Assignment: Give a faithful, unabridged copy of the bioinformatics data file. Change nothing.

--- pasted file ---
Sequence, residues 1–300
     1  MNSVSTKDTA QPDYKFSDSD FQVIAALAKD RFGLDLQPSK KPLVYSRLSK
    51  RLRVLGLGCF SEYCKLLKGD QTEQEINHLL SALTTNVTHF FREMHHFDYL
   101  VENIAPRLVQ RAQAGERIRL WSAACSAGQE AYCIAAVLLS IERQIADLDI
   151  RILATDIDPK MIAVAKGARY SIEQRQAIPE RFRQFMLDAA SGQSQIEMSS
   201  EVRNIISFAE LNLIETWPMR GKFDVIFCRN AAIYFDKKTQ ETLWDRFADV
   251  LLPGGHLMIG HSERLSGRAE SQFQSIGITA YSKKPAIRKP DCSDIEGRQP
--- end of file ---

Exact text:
Sequence, residues 1–300
     1  MNSVSTKDTA QPDYKFSDSD FQVIAALAKD RFGLDLQPSK KPLVYSRLSK
    51  RLRVLGLGCF SEYCKLLKGD QTEQEINHLL SALTTNVTHF FREMHHFDYL
   101  VENIAPRLVQ RAQAGERIRL WSAACSAGQE AYCIAAVLLS IERQIADLDI
   151  RILATDIDPK MIAVAKGARY SIEQRQAIPE RFRQFMLDAA SGQSQIEMSS
   201  EVRNIISFAE LNLIETWPMR GKFDVIFCRN AAIYFDKKTQ ETLWDRFADV
   251  LLPGGHLMIG HSERLSGRAE SQFQSIGITA YSKKPAIRKP DCSDIEGRQP